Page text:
When I teach playwriting the first thing is to get to know the people I am working with. No embarrassing rhyming name games.
Like many teachers, I just ask people to talk about themselves - I am Lachlan Reynault Philpott, I was born in Sydney but then we moved out west. My first memories are of the rat plague and the rats that took my baby sister from us and so on.
As traffic flows to the centre of the city each morning, people come at it this task in different ways. Some order their information chronologically, others randomly bump all over the place. Some repeat facts they can’t get past, others focus on people, or places. Some conjure a mood that captures their essence as if they were an olive. No matter how the person shapes what they are saying, the rest of the group always seem to enjoy the variety.
When that exercise finishes, I ask the collective writers to talk about their work- the words they are writing down. It is then that something odd occurs- the little paths, the back way and the side roads from before disappear, get blocked or blown up. And suddenly everybody is using the same road to talk about their work, like we are all on some congested freeway heading through the petrol haze into LA.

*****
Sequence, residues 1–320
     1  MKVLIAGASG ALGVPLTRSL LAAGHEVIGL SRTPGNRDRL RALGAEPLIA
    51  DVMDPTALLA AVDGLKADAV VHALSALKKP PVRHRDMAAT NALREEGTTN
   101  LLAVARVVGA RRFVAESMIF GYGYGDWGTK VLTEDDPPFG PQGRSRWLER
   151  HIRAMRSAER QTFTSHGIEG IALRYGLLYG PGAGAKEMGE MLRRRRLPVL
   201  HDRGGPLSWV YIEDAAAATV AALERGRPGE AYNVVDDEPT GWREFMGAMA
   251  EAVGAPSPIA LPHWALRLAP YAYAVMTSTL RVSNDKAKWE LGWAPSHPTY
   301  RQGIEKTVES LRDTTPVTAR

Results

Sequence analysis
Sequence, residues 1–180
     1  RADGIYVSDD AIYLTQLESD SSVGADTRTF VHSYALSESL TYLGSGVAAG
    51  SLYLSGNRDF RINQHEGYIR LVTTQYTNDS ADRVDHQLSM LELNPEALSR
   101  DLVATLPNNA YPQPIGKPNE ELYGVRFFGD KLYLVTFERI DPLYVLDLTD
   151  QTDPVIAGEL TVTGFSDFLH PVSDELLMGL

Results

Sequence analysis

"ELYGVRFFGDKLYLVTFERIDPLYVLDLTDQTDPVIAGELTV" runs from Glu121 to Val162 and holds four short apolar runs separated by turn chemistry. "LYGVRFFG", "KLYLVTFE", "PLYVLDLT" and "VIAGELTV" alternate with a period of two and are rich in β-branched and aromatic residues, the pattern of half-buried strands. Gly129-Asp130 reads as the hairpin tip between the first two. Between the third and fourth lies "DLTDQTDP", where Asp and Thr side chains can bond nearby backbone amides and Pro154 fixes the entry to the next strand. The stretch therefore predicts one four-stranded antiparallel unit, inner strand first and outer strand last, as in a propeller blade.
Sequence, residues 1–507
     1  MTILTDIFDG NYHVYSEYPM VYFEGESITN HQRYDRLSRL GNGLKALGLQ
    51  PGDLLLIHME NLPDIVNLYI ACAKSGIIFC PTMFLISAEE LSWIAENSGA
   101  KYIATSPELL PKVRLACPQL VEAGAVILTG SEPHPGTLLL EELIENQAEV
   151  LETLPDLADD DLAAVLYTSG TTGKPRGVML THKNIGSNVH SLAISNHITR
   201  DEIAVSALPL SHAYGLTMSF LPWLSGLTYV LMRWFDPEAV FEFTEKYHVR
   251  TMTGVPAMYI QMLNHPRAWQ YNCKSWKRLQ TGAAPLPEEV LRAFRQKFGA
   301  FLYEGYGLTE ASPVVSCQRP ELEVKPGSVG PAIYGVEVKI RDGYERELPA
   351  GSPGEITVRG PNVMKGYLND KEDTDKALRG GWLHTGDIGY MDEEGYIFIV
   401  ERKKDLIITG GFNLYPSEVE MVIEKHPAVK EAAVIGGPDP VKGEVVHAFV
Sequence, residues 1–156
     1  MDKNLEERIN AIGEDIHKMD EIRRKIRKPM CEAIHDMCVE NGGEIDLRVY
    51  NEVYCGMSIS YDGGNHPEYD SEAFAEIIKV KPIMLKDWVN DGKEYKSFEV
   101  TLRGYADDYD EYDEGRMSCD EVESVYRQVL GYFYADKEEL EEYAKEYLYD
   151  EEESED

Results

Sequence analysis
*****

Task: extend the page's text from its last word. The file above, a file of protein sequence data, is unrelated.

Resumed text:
And I say LA because the way people talk about their plays suggests to me the way people talk about their films as they cruise down the freeway washing down the drivel with their drive thru bucket of greenteamegamocochinofrappe. Always through the frame of story and character. I get why film talk is about story and character but theatre is different and to many writers the unspoken imposition of the solitary route can present an issue.
Try as we might it is not easy to change a system which seems to need writers to pitch the story. At some point we writers are going to need to talk about characters and protagonists and other terms that turn your shit black with boredom. But what I think would have helped me before I became aware of my process is if my entry point had been seen as being as valid as more traditional ones. It is helpful to acknowledge that writers and theatre makers connect to material in a range of ways. Some lucky people do think in narrative and character terms. But others think mood, are driven by an question and some begin with a sense of place.
The workshop I ran recently offered tools to writers who don’t naturally begin with plot and character by acknowledging that there are lots of ways to connect to and develop ideas, even if in the end some fool only wants the synopsis.
In the recent workshop we collectively examined the value of connecting to place. As homage to both Elinor Fuchts and Gertrude Stein, we talked a lot about landscape because I was interested in asking how a writer can take the audience hand by hand and allow them to step into the experience of the world of the play rather than just sitting and looking at it.
People often say: Why is a sense of place important when theatre is essentially about people?